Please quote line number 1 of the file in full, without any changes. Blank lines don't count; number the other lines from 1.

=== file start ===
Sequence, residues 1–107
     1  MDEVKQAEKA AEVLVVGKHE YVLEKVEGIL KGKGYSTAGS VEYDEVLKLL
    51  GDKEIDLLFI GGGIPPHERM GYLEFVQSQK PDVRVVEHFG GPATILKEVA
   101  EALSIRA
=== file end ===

Sequence, residues 1–107